ARPA: Next Round of Stimulus Payments – What Can You Expect?
by Jill Clark, CPA
President Biden signed the American Rescue Plan Act of 2021 (ARPA) into law on March 11, 2021. This latest round of legislation provides additional assistance to the American people as we continue to navigate our way through the COVID pandemic. Among the many provisions included in this new legislation is the third round of what has become known as “Stimulus Payments” or “Economic Impact Payments”. Many of the provisions contained in the new law, related to these payments, mirror that of what was in the first two rounds of legislation providing similar payments to the American people; however, some changes have been made that may impact the stimulus payment people are eligible to receive. So, what can you expect?
• Individuals that are eligible will receive up to $1,400 per person (including dependents). So, a family of 4 (husband, wife and two dependent children) could potentially receive a $5,600 stimulus payment.
• The initial stimulus payment amount will be determined based on the taxpayers filing status, adjusted gross income (AGI) and dependents reported on their 2019 or 2020 federal income tax return, whichever has been most recently filed and processed by the IRS. Therefore, if a taxpayer has not filed their 2020 return when the payment amounts are determined, the stimulus payment will be based on the information reported on their 2019 return. If their 2020 return has been filed (and processed), that is the return that the IRS will use to determine their stimulus payment amount.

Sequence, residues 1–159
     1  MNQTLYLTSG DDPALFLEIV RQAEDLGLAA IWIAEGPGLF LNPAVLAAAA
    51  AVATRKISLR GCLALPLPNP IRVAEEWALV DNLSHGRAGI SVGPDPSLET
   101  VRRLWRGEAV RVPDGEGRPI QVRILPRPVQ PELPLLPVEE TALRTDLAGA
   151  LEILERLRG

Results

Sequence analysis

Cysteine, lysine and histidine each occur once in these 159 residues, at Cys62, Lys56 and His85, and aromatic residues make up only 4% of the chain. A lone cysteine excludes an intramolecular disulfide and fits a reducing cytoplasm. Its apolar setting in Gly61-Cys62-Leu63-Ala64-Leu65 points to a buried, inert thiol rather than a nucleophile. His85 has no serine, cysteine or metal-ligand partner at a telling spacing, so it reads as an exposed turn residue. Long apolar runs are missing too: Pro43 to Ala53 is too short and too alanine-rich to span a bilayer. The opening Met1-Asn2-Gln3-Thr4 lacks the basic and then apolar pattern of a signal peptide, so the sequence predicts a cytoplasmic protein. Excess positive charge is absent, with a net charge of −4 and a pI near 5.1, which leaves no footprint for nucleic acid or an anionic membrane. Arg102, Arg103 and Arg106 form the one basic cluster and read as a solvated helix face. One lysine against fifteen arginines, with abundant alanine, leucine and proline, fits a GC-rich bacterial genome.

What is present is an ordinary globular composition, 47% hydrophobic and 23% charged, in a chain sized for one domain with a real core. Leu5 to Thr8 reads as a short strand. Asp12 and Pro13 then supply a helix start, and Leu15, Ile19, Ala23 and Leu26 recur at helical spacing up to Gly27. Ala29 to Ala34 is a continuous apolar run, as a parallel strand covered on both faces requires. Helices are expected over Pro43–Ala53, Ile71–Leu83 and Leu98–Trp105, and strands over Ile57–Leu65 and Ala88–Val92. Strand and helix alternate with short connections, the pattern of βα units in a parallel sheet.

• If an eligible individual’s AGI is over a certain amount, the amount of stimulus payment they are otherwise eligible to receive will start being reduced and once their AGI reaches a certain point, they will no longer be eligible to receive any payment. It does not matter how many dependents a taxpayer has or how much of a potential stimulus payment an individual may be eligible for, once they reach the upper limits of the AGI threshold their payment will be completely eliminated. The point at which payments begin to decrease are the same in this round as they were in the first two rounds. What is different in this round is how quickly the payments are reduced once a taxpayer starts to exceed these AGI thresholds.
– For single filers, the phase-out threshold begins at $75,000 and once AGI reaches $80,000 the taxpayer is no longer eligible for a stimulus payment.
– For joint filers (and surviving spouse filers), the phase-out threshold begins at $150,000 and once AGI reaches $160,000 the taxpayer is no longer eligible for a stimulus payment.
– For head of household filers, the phase-out threshold begins at $112,500 and once AGI reaches $120,000 the taxpayer is no longer eligible for a stimulus payment.
Let’s look at a few examples to see how this works:
Example #1: Family of 4 (husband, wife and two dependent children) have AGI of $150,000. In this example, the family is potentially eligible for a $5,600 stimulus payment ($1,400 per person) and because their AGI does not exceed $150,000 they can expect to receive the entire $5,600 stimulus payment.
Example #2: Same family of 4 but let’s assume their AGI is $200,000. In this example, while the family was potentially eligible for a $5,600 stimulus payment, because their AGI exceeds $160,000 they are not eligible to receive any stimulus payment.
Example #3: Let’s assume the same family of 4 has AGI of $155,000. They are again potentially eligible for a $5,600 stimulus payment. However, their AGI exceeds the $150,000 threshold where the eligible payment starts to decrease but it does not exceed the $160,000 threshold where they would no longer be eligible for any payment. So, what can they expect?
In this situation, the reduction in the potential stimulus payment is determined by multiplying the full eligible payment amount by a percentage. This percentage is determined by dividing the amount that the taxpayer’s AGI exceeds the beginning phase-out threshold by the total amount over which the payment phases out. So, in this example, the reduction equals $2,800 calculated as follows: